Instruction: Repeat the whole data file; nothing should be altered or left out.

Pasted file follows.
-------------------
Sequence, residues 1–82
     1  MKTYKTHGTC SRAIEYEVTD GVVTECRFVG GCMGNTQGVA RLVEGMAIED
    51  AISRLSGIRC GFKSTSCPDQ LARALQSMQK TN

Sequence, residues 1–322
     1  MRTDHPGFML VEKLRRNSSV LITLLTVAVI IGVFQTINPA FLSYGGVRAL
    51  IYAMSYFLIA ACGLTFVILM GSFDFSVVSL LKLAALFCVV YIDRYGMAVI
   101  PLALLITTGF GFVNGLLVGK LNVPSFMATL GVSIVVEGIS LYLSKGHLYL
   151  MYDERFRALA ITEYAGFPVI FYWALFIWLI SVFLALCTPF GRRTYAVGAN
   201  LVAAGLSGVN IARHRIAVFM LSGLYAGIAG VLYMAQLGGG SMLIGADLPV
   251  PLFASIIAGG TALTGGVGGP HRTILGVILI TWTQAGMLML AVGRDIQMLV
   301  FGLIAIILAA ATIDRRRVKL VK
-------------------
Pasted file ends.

Sequence, residues 1–82
     1  MKTYKTHGTC SRAIEYEVTD GVVTECRFVG GCMGNTQGVA RLVEGMAIED
    51  AISRLSGIRC GFKSTSCPDQ LARALQSMQK TN

Sequence, residues 1–322
     1  MRTDHPGFML VEKLRRNSSV LITLLTVAVI IGVFQTINPA FLSYGGVRAL
    51  IYAMSYFLIA ACGLTFVILM GSFDFSVVSL LKLAALFCVV YIDRYGMAVI
   101  PLALLITTGF GFVNGLLVGK LNVPSFMATL GVSIVVEGIS LYLSKGHLYL
   151  MYDERFRALA ITEYAGFPVI FYWALFIWLI SVFLALCTPF GRRTYAVGAN
   201  LVAAGLSGVN IARHRIAVFM LSGLYAGIAG VLYMAQLGGG SMLIGADLPV
   251  PLFASIIAGG TALTGGVGGP HRTILGVILI TWTQAGMLML AVGRDIQMLV
   301  FGLIAIILAA ATIDRRRVKL VK